Millions of people are unaware of and uninformed about how their personal information is being used, collected or shared in our digital society. Data Privacy Day is a time to inspire dialogue and empower individuals and companies to take action.
While it is important that your organization implements policies, procedures, and technology to protect your data, it is also important that you do your part. The Identity Theft Resource Center‘s Annual End-of-Year Data Breach Report revealed that there was a 17 percent increase in breaches over 2018. There are several actions you can take to protect yourself from falling victim to the next attack.
Protect your personal information as if it was money.
One of the most common misconceptions that individuals and small to medium sized businesses (SMBs) have regarding their personal information is that non-financial data has no value. It is a misconception that only financial information like payment card numbers or bank accounts has monetary value to data thieves. This leads to one of the most common growing concerns called credential stuffing.
Credential stuffing is not new, but it has exploded since 2018. The theft of email addresses and passwords from businesses of all sizes fuels credential stuffing attacks where criminals use automated systems to attempt to access accounts at a business using the stolen information. Why? Because up to 83 percent of individuals use the same password and email for more than one account. So long as people use the same credentials for multiple sites, credential stuffing will continue to be an issue.
Limit the information being collected on you.
Unless you trust a site, don’t give your address, password, or credit card information. Look for indications that the site uses SSL to encrypt your information. If it seems suspicious, leave the site. Although some sites may require you to supply your social security number (e.g., sites associated with financial transactions), be especially wary of providing this information online.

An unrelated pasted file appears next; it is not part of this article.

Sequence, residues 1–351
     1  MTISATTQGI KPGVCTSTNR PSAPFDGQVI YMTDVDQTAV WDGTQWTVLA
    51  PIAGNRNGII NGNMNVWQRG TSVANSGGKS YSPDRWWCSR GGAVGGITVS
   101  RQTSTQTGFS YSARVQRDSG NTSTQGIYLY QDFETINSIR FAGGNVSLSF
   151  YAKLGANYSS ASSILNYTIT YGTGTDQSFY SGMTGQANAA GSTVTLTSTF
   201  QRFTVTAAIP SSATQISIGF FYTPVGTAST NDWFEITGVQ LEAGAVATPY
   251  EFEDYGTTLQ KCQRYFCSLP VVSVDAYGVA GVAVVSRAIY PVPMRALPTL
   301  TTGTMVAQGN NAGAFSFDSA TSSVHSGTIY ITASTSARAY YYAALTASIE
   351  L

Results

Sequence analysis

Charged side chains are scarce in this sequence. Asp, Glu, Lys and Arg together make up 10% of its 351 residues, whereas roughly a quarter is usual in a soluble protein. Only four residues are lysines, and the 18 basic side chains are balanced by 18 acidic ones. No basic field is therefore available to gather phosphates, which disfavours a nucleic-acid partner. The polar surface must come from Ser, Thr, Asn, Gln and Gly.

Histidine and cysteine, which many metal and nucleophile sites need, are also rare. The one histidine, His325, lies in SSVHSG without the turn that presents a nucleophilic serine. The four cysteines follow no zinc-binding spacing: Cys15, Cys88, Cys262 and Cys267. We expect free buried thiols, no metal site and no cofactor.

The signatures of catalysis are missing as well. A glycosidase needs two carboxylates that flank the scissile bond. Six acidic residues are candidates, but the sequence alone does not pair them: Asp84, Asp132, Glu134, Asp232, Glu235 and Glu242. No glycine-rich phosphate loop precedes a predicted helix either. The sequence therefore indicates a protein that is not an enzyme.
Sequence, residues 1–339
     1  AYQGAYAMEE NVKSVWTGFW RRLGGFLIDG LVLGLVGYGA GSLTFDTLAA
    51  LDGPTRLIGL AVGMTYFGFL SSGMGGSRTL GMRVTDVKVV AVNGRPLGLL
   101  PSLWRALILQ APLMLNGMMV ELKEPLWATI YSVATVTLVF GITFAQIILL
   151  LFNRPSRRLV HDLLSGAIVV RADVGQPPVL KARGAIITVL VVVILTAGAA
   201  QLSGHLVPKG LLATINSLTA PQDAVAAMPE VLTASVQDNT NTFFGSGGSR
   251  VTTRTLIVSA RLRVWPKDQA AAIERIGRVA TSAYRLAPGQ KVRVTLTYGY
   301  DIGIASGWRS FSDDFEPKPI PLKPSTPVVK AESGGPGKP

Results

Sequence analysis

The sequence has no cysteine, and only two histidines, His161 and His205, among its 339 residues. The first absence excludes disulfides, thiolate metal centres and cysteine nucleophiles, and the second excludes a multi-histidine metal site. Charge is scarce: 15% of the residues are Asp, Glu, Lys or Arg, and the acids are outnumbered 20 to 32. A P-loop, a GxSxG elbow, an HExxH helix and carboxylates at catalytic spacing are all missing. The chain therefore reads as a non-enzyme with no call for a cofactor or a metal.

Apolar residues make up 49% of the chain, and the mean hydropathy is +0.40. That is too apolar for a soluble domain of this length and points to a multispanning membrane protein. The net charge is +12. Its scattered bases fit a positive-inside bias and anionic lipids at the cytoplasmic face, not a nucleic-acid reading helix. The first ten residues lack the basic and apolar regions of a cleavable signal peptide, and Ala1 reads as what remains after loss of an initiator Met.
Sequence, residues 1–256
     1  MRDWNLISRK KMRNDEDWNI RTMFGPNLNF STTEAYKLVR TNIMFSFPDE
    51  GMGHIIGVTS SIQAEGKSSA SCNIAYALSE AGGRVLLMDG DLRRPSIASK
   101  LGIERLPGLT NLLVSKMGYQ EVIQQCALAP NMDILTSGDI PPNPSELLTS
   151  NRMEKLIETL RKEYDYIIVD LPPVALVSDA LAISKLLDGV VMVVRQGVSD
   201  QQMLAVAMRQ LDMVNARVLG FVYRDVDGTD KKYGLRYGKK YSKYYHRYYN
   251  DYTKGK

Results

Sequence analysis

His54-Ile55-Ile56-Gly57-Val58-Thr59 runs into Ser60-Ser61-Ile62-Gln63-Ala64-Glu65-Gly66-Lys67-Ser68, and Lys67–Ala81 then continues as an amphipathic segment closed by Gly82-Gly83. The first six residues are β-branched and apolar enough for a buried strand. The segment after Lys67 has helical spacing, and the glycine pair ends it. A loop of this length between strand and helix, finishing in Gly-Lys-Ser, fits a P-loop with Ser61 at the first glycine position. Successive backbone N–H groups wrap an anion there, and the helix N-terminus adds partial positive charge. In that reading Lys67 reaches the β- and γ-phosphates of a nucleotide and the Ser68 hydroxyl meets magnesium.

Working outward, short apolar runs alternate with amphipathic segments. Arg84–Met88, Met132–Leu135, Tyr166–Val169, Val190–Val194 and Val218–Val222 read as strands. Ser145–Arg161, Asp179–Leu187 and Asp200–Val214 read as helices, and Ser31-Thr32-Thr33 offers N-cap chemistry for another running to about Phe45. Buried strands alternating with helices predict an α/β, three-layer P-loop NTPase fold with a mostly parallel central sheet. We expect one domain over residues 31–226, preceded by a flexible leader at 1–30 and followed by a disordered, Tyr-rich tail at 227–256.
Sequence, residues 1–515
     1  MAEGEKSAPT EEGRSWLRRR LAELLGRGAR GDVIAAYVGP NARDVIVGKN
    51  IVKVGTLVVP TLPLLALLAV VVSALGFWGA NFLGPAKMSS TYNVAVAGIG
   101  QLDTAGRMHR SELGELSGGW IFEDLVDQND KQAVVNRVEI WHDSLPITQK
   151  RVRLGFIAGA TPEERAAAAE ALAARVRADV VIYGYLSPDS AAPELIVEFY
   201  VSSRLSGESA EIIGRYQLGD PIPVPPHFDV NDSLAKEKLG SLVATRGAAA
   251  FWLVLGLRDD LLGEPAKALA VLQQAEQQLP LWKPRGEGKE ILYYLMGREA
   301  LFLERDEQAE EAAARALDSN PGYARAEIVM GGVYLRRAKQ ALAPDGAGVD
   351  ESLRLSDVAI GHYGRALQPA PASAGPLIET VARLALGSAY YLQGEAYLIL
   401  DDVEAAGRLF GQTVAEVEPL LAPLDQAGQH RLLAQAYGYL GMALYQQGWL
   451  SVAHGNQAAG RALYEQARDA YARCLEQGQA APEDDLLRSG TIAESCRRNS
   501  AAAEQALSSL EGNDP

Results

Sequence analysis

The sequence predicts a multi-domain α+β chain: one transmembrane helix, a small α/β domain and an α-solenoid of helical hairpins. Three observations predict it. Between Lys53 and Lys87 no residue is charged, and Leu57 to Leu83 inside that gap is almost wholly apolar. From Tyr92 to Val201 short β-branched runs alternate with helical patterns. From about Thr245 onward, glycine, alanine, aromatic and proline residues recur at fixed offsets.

Always be conscious of any emails asking you to click, download, or reply.
While using cookies may be one method for gathering information, the easiest way for attackers to get access to personal information is to ask for it. By representing a malicious site as a legitimate one, attackers may be able to convince you to give them your address, credit card information, social security number, or other personal data. See The Scary Truth Behind Phishing Attacks for more tips on phishing emails.
Organizations should be taking proactive steps from “behind the scenes” to help protect employee and client data. It is important to keep virus protections up to date, actively monitor for spyware and malware, and implementing an overall layered cybersecurity approach to include BCDR, employee training, patch management, unified threat management, and more. An easy way to keep data security at the top of mind is to sign up for our weekly cybersecurity tips found here.